Propelling the lighthearted spirit is an energetic collection of show tunes. Full disclosure — initially, I thought the songs were merely pleasant. I couldn’t recall a single one immediately after I watched the film. Then I started listening to the movie soundtrack. Its buoyant energy started to work its way into my consciousness. I’ve been humming it ever since, “Everybody’s talking ’bout J-J-Jamie. Everybody’s talking ’bout the boy in the dress who was born to impress” the students sing at school. The title track occurs after they attend Jamie’s drag show the night before. Other highlights include Jamie’s mother’s poignant ode “He’s My Boy” and “This Was Me,” a vulnerable reminiscence from Hugo about the past. The aforementioned “And You Don’t Even Know It” is perhaps the stage musical’s best-known ditty. These hook-laden melodies paired with the imaginatively staged routines elevate the production. The subject of self-acceptance comes across as superficial at times but the colorful, catchy compositions have a joy that propels the message of encouragement with vitality and verve.

09-19-21

Free Guy

Posted in Action, Comedy, Science Fiction with tags on August 15, 2021 by Mark Hobin

Rating: 3 out of 5.

Give people a reason to go to theaters and they will. Audiences went to see Free Guy opening weekend. The prediction was that it would only do $15M-17 million due to a recent surge in the Delta variant. The reality is that it debuted well above expectations with $28.4 million. The fact that it wasn’t available on streaming — that you had to see it in a theater — certainly helped.

Free Guy is the story of a random bank teller that lives in a video game called Free City. He’s merely a background character, but then one day he becomes self-aware after seeing Molotov Girl (Jodie Comer) from afar. In the game, his best friend is Buddy (Lil Rel Howery), a security guard who works alongside him at the bank. Outside in the real world, he’s supported by computer specialists Keys (Joe Keery), Mouser (Utkarsh Ambudkar), and Millie (also played by Jodie Comer). This peripheral cipher decides to break away from his programming and make himself the hero of the game and pursue the woman he loves.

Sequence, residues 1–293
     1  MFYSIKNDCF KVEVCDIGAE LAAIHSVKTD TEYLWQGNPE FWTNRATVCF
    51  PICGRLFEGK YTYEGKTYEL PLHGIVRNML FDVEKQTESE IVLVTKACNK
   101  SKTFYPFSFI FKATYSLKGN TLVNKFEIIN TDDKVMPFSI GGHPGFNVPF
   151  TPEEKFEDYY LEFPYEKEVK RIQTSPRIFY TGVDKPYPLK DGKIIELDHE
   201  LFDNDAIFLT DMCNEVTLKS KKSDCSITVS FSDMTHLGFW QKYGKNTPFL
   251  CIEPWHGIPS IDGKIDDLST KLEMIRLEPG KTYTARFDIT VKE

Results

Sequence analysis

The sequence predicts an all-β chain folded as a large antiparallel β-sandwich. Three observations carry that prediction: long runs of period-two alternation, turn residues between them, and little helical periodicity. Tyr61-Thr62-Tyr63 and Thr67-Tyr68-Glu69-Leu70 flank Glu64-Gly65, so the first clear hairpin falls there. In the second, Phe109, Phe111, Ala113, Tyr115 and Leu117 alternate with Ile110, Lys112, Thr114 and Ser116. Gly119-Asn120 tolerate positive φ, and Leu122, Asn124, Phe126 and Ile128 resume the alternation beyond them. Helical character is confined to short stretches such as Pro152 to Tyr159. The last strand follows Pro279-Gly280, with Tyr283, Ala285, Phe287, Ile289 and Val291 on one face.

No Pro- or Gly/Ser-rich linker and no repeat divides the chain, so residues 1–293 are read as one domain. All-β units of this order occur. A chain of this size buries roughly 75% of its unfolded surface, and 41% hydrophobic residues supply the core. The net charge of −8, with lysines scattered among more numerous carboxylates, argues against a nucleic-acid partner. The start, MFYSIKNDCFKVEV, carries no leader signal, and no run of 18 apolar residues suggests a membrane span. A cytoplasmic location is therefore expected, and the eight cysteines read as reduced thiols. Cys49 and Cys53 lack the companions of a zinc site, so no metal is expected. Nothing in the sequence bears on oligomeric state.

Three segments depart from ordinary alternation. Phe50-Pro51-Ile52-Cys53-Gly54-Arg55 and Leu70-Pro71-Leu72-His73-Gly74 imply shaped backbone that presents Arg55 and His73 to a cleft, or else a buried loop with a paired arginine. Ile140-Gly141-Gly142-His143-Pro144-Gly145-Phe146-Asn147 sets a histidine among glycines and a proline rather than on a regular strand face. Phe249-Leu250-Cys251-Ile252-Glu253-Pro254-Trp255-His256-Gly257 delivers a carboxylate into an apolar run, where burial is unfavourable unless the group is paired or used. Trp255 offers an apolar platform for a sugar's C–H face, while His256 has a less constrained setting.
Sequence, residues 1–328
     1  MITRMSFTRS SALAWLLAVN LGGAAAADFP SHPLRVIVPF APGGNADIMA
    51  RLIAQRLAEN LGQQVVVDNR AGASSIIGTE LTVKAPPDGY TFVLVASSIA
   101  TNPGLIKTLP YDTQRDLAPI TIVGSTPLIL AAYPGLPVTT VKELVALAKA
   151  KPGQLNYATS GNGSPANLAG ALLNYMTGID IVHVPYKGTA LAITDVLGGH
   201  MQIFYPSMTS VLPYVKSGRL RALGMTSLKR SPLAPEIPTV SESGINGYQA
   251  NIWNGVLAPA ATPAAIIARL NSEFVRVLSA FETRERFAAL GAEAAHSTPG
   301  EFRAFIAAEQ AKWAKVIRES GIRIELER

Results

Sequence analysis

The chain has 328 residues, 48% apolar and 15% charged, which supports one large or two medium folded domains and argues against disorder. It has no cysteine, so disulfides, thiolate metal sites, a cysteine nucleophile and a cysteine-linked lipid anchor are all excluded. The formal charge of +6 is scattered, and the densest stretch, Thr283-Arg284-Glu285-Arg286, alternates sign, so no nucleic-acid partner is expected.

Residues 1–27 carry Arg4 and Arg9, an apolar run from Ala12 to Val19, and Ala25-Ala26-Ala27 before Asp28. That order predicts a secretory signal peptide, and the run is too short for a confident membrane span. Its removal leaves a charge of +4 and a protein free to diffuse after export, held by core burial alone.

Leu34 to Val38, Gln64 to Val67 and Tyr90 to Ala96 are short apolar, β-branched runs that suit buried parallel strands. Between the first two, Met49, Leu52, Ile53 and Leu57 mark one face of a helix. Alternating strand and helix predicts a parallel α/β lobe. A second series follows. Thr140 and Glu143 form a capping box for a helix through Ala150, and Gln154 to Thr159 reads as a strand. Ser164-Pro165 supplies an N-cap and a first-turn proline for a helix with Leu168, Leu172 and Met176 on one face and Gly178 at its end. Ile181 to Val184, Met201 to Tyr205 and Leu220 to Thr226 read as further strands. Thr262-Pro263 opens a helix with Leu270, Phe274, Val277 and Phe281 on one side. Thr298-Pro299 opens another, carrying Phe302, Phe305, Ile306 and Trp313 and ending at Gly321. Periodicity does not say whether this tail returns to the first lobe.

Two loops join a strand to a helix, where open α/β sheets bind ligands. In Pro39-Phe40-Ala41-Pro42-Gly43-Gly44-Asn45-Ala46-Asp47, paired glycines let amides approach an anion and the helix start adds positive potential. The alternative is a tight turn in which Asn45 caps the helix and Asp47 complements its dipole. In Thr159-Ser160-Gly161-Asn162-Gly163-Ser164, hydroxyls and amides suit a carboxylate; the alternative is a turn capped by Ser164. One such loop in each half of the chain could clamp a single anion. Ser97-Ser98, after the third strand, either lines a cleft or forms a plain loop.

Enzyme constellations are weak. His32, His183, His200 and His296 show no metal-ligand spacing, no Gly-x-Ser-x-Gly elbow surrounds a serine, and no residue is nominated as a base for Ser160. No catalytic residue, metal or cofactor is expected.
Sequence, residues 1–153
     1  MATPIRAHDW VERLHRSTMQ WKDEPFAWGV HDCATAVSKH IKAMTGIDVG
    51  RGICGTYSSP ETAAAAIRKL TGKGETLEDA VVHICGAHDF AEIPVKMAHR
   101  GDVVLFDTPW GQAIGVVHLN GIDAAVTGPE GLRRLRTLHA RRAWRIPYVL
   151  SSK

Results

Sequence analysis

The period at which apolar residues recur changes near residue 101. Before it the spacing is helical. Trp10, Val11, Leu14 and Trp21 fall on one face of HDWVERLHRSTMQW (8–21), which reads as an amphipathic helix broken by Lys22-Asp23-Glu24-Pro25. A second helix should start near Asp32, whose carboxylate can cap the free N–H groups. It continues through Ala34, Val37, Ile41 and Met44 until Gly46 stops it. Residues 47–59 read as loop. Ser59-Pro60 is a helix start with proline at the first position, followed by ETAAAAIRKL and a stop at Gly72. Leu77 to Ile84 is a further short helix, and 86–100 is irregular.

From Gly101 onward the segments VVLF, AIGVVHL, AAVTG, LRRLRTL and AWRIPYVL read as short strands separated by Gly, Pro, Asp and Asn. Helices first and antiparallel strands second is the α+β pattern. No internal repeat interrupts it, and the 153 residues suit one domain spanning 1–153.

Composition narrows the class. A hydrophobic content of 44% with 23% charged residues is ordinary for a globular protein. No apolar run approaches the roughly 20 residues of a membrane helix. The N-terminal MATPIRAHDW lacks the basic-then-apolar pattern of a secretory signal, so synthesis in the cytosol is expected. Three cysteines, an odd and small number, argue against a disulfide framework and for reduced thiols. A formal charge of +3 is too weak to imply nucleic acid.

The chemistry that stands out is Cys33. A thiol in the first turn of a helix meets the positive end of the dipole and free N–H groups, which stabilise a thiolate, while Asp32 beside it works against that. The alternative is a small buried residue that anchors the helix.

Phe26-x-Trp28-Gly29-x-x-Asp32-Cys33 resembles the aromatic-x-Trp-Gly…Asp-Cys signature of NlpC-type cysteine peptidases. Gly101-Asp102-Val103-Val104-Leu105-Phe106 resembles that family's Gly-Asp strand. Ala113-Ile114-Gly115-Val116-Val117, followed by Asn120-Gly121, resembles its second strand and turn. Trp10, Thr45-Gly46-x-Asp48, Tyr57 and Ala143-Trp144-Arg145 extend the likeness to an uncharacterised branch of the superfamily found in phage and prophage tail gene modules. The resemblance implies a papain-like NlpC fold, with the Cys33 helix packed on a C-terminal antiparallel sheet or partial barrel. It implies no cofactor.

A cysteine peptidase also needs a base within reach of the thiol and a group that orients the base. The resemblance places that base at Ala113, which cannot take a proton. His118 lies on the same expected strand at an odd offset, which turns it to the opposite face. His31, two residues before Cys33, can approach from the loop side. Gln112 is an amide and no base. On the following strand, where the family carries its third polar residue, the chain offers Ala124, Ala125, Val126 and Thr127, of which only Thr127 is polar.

Ryan Reynolds is an actor that has made a career out of playing the talkative sarcastic smart-aleck. Here his generic personality is simply known as Blue Shirt Guy — a cheerfully upbeat nonentity with a vapid demeanor that has never thought for himself. He is a blank slate of a man whose eyes are suddenly opened. Reynolds doesn’t give a performance so much as deliver his lines loudly while mugging for emphasis. He affects the same persona he always has and this doesn’t come across as a well-rounded individual. Yet that’s exactly what the script calls for. He’s not playing a human being after all, but rather a video game character. It’s easy to laugh AT him but difficult to have empathy FOR him.